Right and left lateral tibiotarsal instability
A 50 years old male with generalized ligamentous laxity and long history of distortions (Sprains) of the ankles. On the right ankle the incidence and severity of the sprains had increased significantly in recent months. On MRI imaging of both ankles: in the right ankle the lateral stabilizing ligaments are damaged and incongruent. On the left ankle the picture is similar with an old fracture of the tip of the medial malleolus which is not united, but not significantly displaced. Right ankle instability was diagnosed and “Brodstrum“ type operation on right ankle has been suggested.
1) Do you confirm the diagnosis? Any further medical tests to carry out?
2) Do you agree with the surgical operation recommended by the orthopedist? What are the possible risks of this surgical operation?
3) If a surgical operation is not carried out, are there any alternative systems to reduce or to eliminate the problem?
4) After the surgical operation do you think that a certain degree of invalidity is going to remain?
50 years old, male.
The patient has always suffered from ligamentous laxity so much that since he was a child, he was subject to periodic ankle distortions. In the last period these distortions increased so much that he was forced to contact an orthopedic specialist in foot and ankle surgery. The patient carried out the specialist examination with the following medical report:
“The patient reports distortion traumas to the right and left ankle. Recent distortion trauma to the right ankle. He reports swelling in the ankle, insecurity in walking and pain. From a clinical point of view one foot is substantially in axis. Unstable at the load on the right limb. The motor activity of the peroneus muscles is good. Anterior drawer test +++. Lateral drawer test +++. The tilt test shows instability of talus bone into varus position.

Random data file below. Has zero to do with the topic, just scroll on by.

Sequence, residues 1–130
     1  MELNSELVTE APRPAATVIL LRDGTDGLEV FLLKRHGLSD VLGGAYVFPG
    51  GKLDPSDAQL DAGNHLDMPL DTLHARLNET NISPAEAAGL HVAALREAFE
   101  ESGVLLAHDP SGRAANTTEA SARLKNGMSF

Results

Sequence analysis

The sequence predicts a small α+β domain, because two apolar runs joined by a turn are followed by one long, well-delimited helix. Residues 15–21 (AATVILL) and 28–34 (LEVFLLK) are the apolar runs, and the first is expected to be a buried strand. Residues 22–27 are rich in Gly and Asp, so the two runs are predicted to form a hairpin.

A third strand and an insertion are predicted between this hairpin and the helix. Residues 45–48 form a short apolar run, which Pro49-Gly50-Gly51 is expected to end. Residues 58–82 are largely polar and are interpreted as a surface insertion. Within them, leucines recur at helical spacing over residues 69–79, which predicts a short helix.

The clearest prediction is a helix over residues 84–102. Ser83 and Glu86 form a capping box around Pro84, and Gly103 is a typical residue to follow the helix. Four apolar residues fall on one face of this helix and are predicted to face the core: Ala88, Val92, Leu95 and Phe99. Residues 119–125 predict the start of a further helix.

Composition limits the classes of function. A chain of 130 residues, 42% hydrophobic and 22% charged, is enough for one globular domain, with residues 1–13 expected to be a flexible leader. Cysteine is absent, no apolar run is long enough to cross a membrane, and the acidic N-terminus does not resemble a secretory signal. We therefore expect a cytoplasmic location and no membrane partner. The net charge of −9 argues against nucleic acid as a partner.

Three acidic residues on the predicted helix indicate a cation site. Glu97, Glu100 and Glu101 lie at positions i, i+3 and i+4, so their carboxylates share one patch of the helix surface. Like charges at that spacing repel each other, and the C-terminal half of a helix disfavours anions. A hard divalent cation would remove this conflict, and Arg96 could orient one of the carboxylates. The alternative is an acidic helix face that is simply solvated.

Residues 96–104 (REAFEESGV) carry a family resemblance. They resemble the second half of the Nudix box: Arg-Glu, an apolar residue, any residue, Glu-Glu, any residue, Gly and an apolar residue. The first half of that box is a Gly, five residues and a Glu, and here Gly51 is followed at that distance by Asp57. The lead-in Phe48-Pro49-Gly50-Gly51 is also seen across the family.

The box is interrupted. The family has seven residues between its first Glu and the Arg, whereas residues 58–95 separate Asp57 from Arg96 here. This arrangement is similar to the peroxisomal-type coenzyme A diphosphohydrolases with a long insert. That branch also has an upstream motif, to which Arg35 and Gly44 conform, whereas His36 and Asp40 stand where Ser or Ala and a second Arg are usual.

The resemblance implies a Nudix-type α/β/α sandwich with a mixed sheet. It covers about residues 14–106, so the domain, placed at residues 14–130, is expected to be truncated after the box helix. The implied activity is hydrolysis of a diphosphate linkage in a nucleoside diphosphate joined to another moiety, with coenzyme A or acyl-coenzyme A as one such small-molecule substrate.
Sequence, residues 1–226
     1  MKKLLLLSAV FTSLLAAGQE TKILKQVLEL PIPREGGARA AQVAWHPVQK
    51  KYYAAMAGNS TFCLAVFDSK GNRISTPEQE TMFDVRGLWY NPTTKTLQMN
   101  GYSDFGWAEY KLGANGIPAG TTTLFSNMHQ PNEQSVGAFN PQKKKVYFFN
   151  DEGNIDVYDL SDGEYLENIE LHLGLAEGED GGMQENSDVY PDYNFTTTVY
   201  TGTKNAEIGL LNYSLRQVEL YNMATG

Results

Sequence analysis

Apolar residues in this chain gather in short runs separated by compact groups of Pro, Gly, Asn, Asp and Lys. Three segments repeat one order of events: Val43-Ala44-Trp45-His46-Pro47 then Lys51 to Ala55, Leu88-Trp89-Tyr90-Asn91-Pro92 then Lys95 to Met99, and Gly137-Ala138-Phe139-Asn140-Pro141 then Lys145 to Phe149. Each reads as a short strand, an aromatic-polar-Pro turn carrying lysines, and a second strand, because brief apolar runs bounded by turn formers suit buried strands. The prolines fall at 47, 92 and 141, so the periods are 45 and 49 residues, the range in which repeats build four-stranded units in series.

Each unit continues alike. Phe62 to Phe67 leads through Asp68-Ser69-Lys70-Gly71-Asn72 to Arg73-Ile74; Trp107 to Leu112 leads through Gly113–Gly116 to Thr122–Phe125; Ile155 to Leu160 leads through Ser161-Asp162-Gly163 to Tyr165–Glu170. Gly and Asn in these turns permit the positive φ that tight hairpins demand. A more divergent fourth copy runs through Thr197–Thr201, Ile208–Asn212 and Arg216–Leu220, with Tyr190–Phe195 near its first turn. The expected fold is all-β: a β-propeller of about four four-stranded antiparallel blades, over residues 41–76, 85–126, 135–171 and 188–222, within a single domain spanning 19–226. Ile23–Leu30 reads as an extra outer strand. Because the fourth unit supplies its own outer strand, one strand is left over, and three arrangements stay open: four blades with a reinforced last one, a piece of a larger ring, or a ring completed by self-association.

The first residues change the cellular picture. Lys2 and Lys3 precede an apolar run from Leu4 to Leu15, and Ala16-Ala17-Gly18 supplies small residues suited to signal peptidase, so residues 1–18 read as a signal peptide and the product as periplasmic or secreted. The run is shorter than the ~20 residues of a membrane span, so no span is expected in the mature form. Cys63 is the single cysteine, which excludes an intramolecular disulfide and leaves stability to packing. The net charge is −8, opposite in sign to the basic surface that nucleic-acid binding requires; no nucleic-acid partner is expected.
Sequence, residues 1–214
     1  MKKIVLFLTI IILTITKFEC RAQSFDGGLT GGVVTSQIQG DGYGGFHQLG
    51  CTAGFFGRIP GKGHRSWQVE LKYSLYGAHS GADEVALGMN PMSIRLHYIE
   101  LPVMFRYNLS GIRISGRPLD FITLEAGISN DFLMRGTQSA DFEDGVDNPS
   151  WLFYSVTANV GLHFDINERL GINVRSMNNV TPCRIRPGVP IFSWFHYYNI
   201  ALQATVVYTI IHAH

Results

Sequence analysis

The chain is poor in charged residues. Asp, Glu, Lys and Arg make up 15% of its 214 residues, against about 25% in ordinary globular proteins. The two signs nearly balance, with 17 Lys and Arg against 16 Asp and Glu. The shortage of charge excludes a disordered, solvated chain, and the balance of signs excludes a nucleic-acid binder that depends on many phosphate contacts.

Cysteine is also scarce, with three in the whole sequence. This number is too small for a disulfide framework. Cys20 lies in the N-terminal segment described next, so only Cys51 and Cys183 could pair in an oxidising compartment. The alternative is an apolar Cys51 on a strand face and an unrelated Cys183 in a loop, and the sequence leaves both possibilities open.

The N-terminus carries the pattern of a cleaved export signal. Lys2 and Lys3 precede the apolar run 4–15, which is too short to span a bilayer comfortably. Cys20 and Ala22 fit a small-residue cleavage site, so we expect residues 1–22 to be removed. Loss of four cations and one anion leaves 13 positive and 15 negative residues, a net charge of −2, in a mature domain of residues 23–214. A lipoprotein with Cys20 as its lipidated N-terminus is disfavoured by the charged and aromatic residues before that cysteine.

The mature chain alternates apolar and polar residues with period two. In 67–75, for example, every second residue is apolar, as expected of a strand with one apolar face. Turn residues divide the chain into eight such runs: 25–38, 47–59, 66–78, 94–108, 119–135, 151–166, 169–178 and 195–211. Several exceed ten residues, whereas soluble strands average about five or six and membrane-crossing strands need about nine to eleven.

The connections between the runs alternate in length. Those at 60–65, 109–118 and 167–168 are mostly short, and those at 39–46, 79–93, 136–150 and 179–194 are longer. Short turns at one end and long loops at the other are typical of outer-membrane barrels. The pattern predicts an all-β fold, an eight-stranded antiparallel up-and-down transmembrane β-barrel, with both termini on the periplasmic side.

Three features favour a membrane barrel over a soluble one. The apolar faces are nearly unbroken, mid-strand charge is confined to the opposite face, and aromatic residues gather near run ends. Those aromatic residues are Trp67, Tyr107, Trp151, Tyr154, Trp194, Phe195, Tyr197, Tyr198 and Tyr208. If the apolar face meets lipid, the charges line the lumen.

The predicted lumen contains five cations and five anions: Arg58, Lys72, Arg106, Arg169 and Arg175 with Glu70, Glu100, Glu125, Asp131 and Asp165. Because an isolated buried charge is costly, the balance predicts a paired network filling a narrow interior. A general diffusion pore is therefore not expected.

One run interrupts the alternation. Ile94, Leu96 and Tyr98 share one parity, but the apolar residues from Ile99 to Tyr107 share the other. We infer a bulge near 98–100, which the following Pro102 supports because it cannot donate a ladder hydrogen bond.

It is recommended:
• Surgical correction of plastic ligament of the anterior astragalar peroneal ligament according to Brodstrum modified right tibiotarsal.
In the meantime:
• Green clay: Application in the evening for 60-90 minutes for 10 days, then when needed.
• Pennsaid drops: 15 drops locally 3 times a day for 15 days, then when needed.
• Neoprene ankle band with velcro reinforcements, type FGP DTX 09 or CV3 500.
In addition, it was advised to carry out the right and left tibiotarsal NMR that the patient performed, with the following medical report:
“On the right, slight articular effusion in tibiotarsal area, in particular at the posterior recess level. Normal the morphology and the signal of the articular heads with preserved articular ratio and regular thickness of the covering cartilage in the tibio-astragalic area. The anterior astragalar peroneal ligament is badly definable in particular in the distal portion with appearance of tear result being recognizable the proximal segment of the ligament itself -